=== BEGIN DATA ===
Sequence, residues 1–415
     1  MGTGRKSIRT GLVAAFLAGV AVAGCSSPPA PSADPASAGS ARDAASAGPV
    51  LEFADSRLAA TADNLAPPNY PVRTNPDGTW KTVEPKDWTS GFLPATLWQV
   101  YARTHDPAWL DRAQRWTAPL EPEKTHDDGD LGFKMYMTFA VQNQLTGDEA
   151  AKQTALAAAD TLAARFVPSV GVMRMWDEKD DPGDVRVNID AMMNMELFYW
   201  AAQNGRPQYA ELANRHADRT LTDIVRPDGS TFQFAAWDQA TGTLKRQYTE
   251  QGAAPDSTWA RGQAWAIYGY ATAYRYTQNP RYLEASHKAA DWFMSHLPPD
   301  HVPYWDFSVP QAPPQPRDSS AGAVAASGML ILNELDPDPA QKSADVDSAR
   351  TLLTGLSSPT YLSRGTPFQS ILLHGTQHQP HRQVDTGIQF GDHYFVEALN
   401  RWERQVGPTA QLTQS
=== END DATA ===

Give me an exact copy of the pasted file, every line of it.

Sequence, residues 1–415
     1  MGTGRKSIRT GLVAAFLAGV AVAGCSSPPA PSADPASAGS ARDAASAGPV
    51  LEFADSRLAA TADNLAPPNY PVRTNPDGTW KTVEPKDWTS GFLPATLWQV
   101  YARTHDPAWL DRAQRWTAPL EPEKTHDDGD LGFKMYMTFA VQNQLTGDEA
   151  AKQTALAAAD TLAARFVPSV GVMRMWDEKD DPGDVRVNID AMMNMELFYW
   201  AAQNGRPQYA ELANRHADRT LTDIVRPDGS TFQFAAWDQA TGTLKRQYTE
   251  QGAAPDSTWA RGQAWAIYGY ATAYRYTQNP RYLEASHKAA DWFMSHLPPD
   301  HVPYWDFSVP QAPPQPRDSS AGAVAASGML ILNELDPDPA QKSADVDSAR
   351  TLLTGLSSPT YLSRGTPFQS ILLHGTQHQP HRQVDTGIQF GDHYFVEALN
   401  RWERQVGPTA QLTQS